- The Washington Times - Friday, November 1, 2002

As the Bush administration turns its attention to the flagging economy, one of its biggest challenges iscleaning up the mess the Clinton administration made of telecom deregulation. For inspiration, it ought to take a lesson from another recent policy failure: Forest management.
Simply put, Bill Clinton's Federal Communications Commission tried to regulate its way to a competitive telecom market by subsidizing the creation of lots of competitors. The result of this industrial policy approach was to create too many companies competing for too few customers. Some of those companies have already fallen. Others are, in effect, standing deadwood, waiting to come down.
The policy choice is whether to prune the deadwood or prop it up. And whether you're talking about dead telecom companies or dead trees, the right answer is the same: For the sake of the forest, the deadwood has to go.
The place to start pruning is with Worldcom. As much as any other company, Worldcom was a creation of the policies implemented by Clinton FCC Chairmen Reed Hundt and Bill Kennard. For this, we have as our source Mr. Hundt himself, who writes in his autobiography that he successfully pushed for a telecom law that would "give the FCC the power to create actual competition," and so guarantee "a share of the $100 billion local telephone market for AT&T;, MCI [now part of Worldcom] and other new entrants." Key support for Mr. Hundt's wish list came from then-Senate Majority Leader Trent Lott of Mississippi, he says, because Worldcom Chairman "Bernie Ebbers had his headquarters in Jackson, Miss.," and Mr. Lott was "bent on serving" Mr. Ebbers' interests.
The end result of Mr. Hundt's experiment are now well known: 500,000 jobs lost in the telecom sector in the last two years, dozens of companies in bankruptcy, hundreds of billions of dollars lost to investors forever. And then there's Worldcom, whose management, when it came time to face up to reality, decided instead to cover up the problems by cooking the books to the tune of nearly $10 billion.
Now in bankruptcy, Worldcom still has not faced up to reality. Indeed, it has a plan. As CEO John Sidgmore told the Wall Street Journal, "If we can emerge from bankruptcy without the debt load, we can have a strong position in the industry. We might emerge with the strongest balance sheet."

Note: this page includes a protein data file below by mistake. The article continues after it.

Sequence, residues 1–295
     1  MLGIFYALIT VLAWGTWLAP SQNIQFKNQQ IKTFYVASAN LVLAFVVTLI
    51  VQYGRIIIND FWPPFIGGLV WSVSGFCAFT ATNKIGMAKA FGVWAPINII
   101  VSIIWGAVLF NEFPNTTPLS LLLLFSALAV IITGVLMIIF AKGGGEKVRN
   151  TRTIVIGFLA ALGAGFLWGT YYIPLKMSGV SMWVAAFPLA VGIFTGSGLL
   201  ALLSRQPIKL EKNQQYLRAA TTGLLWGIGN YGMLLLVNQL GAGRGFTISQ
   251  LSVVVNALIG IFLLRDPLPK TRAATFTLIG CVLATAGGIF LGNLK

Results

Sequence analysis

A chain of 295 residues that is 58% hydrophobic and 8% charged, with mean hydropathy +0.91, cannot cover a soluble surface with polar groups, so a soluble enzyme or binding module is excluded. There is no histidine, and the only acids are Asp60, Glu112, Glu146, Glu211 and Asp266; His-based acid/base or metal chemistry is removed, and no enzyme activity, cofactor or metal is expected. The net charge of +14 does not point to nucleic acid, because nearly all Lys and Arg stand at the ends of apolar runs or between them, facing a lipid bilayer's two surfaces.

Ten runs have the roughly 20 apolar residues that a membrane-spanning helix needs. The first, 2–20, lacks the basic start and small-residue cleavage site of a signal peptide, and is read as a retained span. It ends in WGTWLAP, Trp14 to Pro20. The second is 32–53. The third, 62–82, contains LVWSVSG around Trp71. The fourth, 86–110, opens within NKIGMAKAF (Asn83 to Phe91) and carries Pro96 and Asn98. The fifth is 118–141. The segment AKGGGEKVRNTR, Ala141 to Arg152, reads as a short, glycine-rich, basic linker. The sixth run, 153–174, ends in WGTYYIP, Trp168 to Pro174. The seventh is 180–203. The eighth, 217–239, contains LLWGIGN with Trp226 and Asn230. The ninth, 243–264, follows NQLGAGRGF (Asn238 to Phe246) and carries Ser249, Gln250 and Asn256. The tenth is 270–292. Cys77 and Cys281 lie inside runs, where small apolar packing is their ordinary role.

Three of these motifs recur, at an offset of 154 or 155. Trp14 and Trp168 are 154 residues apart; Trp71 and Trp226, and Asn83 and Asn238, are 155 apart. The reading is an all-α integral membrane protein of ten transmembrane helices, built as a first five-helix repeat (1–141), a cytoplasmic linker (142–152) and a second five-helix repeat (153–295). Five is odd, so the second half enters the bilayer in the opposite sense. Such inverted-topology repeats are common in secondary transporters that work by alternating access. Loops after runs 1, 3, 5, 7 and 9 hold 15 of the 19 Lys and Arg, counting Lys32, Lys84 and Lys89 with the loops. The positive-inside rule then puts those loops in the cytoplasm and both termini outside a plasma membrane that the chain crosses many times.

What a concept. Mismanage a company into bankruptcy, commit arguably the biggest accounting fraud of all time, write off your debt, and go forward as though nothing had happened. And, by the way, the senior executives at least the ones who don't go to jail get to keep tens of millions of dollars in profits from well-timed stock sales.
The unfairness of all this is multiplied when one considers the companies that took a more honorable course companies that eschewed fraud and bankruptcy in favor of honest accounting and tough business decisions, and which now face the prospect of competing with a debt-free Worldcom. Sprint CEO Bill Esrey spoke for many of them when he said in a recent speech that "you cannot overestimate the impact of Worldcom's malfeasance on the telecom industry. At Sprint, we kept asking ourselves what we were doing wrong because we couldn't generate the numbers Worldcom claimed."
Last week, Worldcom released its first post-bankruptcy report based on honest numbers. The results: $4.9 billion in revenues, $429 million in losses, all in just the last two months. What does it mean? Two words: Standing deadwood.
What are policymakers to do? The main decision whether Worldcom will be allowed to reorganize through Chapter 11 or be forced to liquidate through Chapter 7 will be made in federal court. But the FCC and other government agencies will have a big say in the outcome, mainly through regulatory decisions now before the FCC, and through decisions on whether to continue procuring Worldcom's services.
In speeches, Bush FCC Chairman Michael Powell has criticized the Clinton administration's "pro-competitor industrial policy" for "promising that all competitors could be salvaged and sustained in the name of competition. We must not confuse change that adversely impacts a particular competitor as synonymous with hurting competition. It is exactly that kind of thinking that invites political power struggles to compel policy to choose sides between competing supplicants rather than advance sound economic structures." These are the words of a pruner.
But when it comes to Worldcom, the Powell-the-pruner has been mysteriously replaced by Powell-the-proper-upper. "We continue to be focused on what policy can do and regulatory authorities can do to ensure the economic viability of competitors," Mr. Powell said in a recent briefing on Worldcom. Government agencies, he went on, should be "conscious of the importance of a carrier like Worldcom," and not "inadvertently contribute to a self-fulfilling prophecy in which the company is harmed." In other words, don't even think about switching critical telecom business to other carriers just because, among other things, they obey the law.
Which Michael Powell is running the FCC, the one who would prune the deadwood or the one who wants to prop it up? The answer will determine whether the worst of the telecom meltdown is behind us or whether there are still hotter and more destructive fires ahead.
In resolving all this, Mr. Powell ought to heed some advice offered to Mr. Hundt, who candidly reports on page 179 of his book he was advised by FCC economists in 1996 that his policies might "bring the Dow crashing down, shake consumer confidence, and even threaten the president's re-election." It was true then, and it's still true today.

Jeffrey A. Eisenach is president of the Progress and Freedom Foundation.

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